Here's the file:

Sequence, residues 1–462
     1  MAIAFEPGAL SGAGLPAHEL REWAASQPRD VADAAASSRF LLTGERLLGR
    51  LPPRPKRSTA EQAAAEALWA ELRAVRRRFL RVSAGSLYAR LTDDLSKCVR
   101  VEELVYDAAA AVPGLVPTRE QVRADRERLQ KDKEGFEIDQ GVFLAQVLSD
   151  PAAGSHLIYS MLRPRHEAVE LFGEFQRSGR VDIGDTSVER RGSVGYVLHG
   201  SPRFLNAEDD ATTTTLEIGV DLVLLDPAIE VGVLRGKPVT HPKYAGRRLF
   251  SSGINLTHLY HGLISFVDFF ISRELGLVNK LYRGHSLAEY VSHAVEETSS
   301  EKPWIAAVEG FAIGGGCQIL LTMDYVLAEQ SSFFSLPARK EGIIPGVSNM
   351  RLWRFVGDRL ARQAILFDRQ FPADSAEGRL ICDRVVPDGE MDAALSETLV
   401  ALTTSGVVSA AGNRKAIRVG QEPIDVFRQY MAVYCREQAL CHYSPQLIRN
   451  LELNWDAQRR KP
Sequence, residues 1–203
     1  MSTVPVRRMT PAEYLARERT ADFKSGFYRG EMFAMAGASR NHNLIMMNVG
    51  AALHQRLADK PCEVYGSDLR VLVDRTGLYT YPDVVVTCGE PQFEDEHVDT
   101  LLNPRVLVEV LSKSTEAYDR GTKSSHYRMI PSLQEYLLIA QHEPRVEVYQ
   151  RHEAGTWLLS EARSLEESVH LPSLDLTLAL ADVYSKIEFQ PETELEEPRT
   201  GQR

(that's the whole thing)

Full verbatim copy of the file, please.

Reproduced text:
Sequence, residues 1–462
     1  MAIAFEPGAL SGAGLPAHEL REWAASQPRD VADAAASSRF LLTGERLLGR
    51  LPPRPKRSTA EQAAAEALWA ELRAVRRRFL RVSAGSLYAR LTDDLSKCVR
   101  VEELVYDAAA AVPGLVPTRE QVRADRERLQ KDKEGFEIDQ GVFLAQVLSD
   151  PAAGSHLIYS MLRPRHEAVE LFGEFQRSGR VDIGDTSVER RGSVGYVLHG
   201  SPRFLNAEDD ATTTTLEIGV DLVLLDPAIE VGVLRGKPVT HPKYAGRRLF
   251  SSGINLTHLY HGLISFVDFF ISRELGLVNK LYRGHSLAEY VSHAVEETSS
   301  EKPWIAAVEG FAIGGGCQIL LTMDYVLAEQ SSFFSLPARK EGIIPGVSNM
   351  RLWRFVGDRL ARQAILFDRQ FPADSAEGRL ICDRVVPDGE MDAALSETLV
   401  ALTTSGVVSA AGNRKAIRVG QEPIDVFRQY MAVYCREQAL CHYSPQLIRN
   451  LELNWDAQRR KP
Sequence, residues 1–203
     1  MSTVPVRRMT PAEYLARERT ADFKSGFYRG EMFAMAGASR NHNLIMMNVG
    51  AALHQRLADK PCEVYGSDLR VLVDRTGLYT YPDVVVTCGE PQFEDEHVDT
   101  LLNPRVLVEV LSKSTEAYDR GTKSSHYRMI PSLQEYLLIA QHEPRVEVYQ
   151  RHEAGTWLLS EARSLEESVH LPSLDLTLAL ADVYSKIEFQ PETELEEPRT
   201  GQR